Yes, Being Gracious Does Make a Difference
Last week was interesting. I corrected a scholar for misrepresenting the title of one of my books and was also corrected by another scholar for a flawed illustration. Why did truth and civility prevail in both exchanges? Let me explain.
A well-known scholar misrepresented the title of a book of mine in his recent publication. Since his critique was public, I wrote a blog response and sent it to him personally with the aim of being as gracious as I could be. Because he is both kind and secure, he emailed me back and admitted the miscalculation. The exchange was mutually respectful, and he even invited me to join him for coffee next time I travel to the east coast.
Also last week, a philosopher emailed me a thoughtful critique of an illustration I used in a recent public talk. He opened the email by finding common ground, commending me for my positive points; and then he offered an insightful critique of my illustration in a gracious manner. I emailed back for some clarification, and then as I thought about it, I realized he was right. The good news is that we’re set to have lunch later this week and explore the issue further.
I have been thinking about these experiences over the past couple weeks. Why were they both successful? Why did these exchanges lead to a deeper grasp of truth and the building of relationships? The answer is simple: We treated each other respectfully. We showed grace amidst disagreement.
Amazingly, few people today seem to grasp this truth. We are too busy yelling at each other on social media. While it may feel good to “get” someone on Twitter, does it really lead to good? Are minds really changed? I can imagine the Apostle Paul saying, “Absolutely not!”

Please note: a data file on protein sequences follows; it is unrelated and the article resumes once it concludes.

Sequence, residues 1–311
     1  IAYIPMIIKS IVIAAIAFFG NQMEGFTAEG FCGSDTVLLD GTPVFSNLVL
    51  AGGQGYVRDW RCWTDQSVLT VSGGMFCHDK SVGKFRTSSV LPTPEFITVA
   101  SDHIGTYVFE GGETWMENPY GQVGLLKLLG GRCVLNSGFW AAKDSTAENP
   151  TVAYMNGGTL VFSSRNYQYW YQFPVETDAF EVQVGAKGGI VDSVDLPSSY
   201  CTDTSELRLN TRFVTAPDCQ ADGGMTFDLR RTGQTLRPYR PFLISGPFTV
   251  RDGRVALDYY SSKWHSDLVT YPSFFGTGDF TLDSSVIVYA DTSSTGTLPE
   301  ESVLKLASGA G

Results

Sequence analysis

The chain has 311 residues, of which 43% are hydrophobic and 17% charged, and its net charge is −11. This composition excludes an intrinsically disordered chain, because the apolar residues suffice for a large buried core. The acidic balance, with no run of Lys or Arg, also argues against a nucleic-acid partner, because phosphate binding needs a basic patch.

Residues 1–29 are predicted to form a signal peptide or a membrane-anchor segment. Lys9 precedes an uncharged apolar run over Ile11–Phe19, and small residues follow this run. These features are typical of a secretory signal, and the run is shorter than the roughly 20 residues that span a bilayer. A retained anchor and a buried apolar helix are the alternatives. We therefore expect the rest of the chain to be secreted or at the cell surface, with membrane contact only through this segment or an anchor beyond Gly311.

Here is the kind of communication that might feel good, and get a “thumbs up” from your tribe, but ultimately persuades few (if any):
- Tell someone how they should think
- Call someone names.
- Preach at people.
- Mock someone
On the other hand, if you really want to influence people on social media, then I suggest a different tack. Rather than telling someone how they should believe, simply ask questions about why they believe as they do. Rather than mock people, treat them charitably as human beings. Rather than preach at people, invite them to consider a different perspective.
If people are not persuaded when you treat them kindly, they likely will not be persuaded at all. And even if they are not persuaded, you still treated them as valuable people made in the image of God. Mission accomplished.
Remember Proverbs 15:1, “A soft answer turns away wrath, but a harsh word stirs up anger.”
If you just want to incite argument, then keep insulting people, preaching at them, and telling them how they should think. But if you want to genuinely influence people, try being gracious. After all, it is God’s kindness that leads to repentance (Romans 2:4).
Sean McDowell, Ph.D. is a professor of Christian Apologetics at Biola University, the National Spokesman for Summit Ministries, a best-selling author, popular speaker and part-time high school teacher. Follow him on Twitter: @sean_mcdowell and at his blog: seanmcdowell.org.
Originally published at SeanMcDowell.org. Used by permission.